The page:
Let’s pray one more time, and then we’ll get into the message. Father, I pray You will speak through me now, over the next few moments. I pray You will empty me of self, sin, and anything that would hinder Your Spirit from working. Lord, I pray that Your eternal Word would do the work that only it could do. You’ve promised that it will never return void, and I pray over the next few moments that You would accomplish that which You will. Lord, I pray above all else that You’re glorified, and then I pray secondly, Lord, that if there be anyone here without Christ as their Savior that today will be the day that they make their most important decision to trust You. Lord, we love You. It’s in Jesus’s name we pray. Amen.
As we read this account in Luke’s Gospel, we get a glimpse into two lives. The lives could not be more different. We get a glimpse into the life of a man who’s unnamed, but he is described as a rich man. And of course, Jesus is the one speaking, so we can take Him for His word. In the Bible it says, in verse 19, that “there was a certain rich man which was clothed in purple and fine linen.” You see here that this man was a man of affluence. The Bible is very clear that he wore purple. This was a sign of royalty almost. This was a sign of affluence. For someone to wear purple in that age, it was a status symbol because purple clothing was so expensive to produce. The purple clothing of that day was produced by the dye from a root of a particular plant that was very hard to extract, and so this man was a rich man to a high level. And the Bible says that every day he wore these clothes that were purple and fine linen. And the Bible says, “He fared sumptuously every day.” So he had the best of the best every day. He ate the best food. (I told the early service that this man went to In-N-Out every day. I know some people argue Five Guys is as good as In-N-Out, but we’ll have an altar call after service, after you get right with God. In-N-Out has Bible verses on their—you know what I’m saying; it’s God’s food.)
Well, this man lived a life that you and I would say he has “made it.” He’s living his best life, as they say. He lived a life of luxury. On the contrast, there’s Lazarus. The Bible describes him as a beggar, a man who was outside of the gate of the rich man’s house, and he would beg, and he would desire to eat the crumbs that would fall from the rich man’s table. Not only was Lazarus without means but he also had health issues. The Bible says that he had sores all over his body and that the dogs would come and lick him and he was so weak he couldn’t even fight off these dogs. You see, dogs in this day were not romanticized like you and I romanticize dogs today in our culture, Western civilization. Dogs in that civilization would have been bottom feeders. They would’ve eaten out of trash cans and the dirtiest of things and any type of thing that died on the side of the street. So you would not want this dog coming and licking you, but Lazarus was so weak, he couldn’t fight the dogs off him—talk about a lifestyle that none of us in here would want—while the rich man lived the lifestyle of the rich and famous.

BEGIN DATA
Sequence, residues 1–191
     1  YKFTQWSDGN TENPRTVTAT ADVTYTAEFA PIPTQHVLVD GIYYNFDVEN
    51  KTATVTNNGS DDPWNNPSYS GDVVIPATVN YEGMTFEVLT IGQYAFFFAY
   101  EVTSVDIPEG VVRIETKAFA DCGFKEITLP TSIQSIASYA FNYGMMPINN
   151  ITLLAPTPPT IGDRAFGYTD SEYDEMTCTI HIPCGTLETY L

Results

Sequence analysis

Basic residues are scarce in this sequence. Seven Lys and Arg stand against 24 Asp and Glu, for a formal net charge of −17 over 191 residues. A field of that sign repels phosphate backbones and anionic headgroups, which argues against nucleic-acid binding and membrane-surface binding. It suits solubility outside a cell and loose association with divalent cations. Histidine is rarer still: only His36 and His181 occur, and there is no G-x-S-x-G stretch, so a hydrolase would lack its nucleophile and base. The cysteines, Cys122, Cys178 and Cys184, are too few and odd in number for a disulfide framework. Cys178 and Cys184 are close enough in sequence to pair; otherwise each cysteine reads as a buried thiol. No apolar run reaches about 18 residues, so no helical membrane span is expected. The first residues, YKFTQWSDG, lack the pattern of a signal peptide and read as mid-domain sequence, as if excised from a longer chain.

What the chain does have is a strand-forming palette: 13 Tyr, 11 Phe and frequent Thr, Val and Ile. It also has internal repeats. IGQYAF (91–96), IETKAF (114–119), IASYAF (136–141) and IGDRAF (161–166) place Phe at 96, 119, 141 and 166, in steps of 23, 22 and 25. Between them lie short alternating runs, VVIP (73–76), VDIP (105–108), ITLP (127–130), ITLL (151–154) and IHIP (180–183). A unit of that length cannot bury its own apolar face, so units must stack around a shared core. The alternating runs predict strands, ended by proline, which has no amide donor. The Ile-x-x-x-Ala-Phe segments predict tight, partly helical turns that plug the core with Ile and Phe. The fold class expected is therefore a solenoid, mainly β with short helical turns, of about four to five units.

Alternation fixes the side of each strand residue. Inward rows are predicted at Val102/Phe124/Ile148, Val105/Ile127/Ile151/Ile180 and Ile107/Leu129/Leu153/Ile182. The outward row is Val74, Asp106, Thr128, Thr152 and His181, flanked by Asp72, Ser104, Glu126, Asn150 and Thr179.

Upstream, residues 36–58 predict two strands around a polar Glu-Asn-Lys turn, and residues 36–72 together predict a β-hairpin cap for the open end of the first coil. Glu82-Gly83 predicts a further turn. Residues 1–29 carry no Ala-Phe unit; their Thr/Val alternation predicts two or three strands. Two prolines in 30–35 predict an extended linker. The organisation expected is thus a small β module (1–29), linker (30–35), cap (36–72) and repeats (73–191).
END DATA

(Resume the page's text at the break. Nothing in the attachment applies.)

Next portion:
For last few months I worked in Beverly Hills, and I’ve gotten a glimpse of that lifestyle. All day long I’m dealing with people with money, that it’s just special on a different level. I was working the other day, and a gentleman came in, and I was helping him rent a vehicle, and he put down a card—it was an American Express—and when he put it on the counter, it kind of clanged like it was metal. I was like, that’s interesting. And it was black. I helped him, and we went through the process—he rented a Range Rover for an entire month, and the bill on that was several thousand dollars. He left, and my coworker said, “Do you know what kind of card that was that he had?” And I said, “It was an AMEX; I saw that.” And he said, “No, that’s a Black Card,” and a person who would have that card is required by American Express to spend $300,000 per year to have it, on that card alone. I was like, “Wow, good night.” You know, it’s a different level of affluence in the world. Maybe some of you come from that world, I don’t know. But I don’t.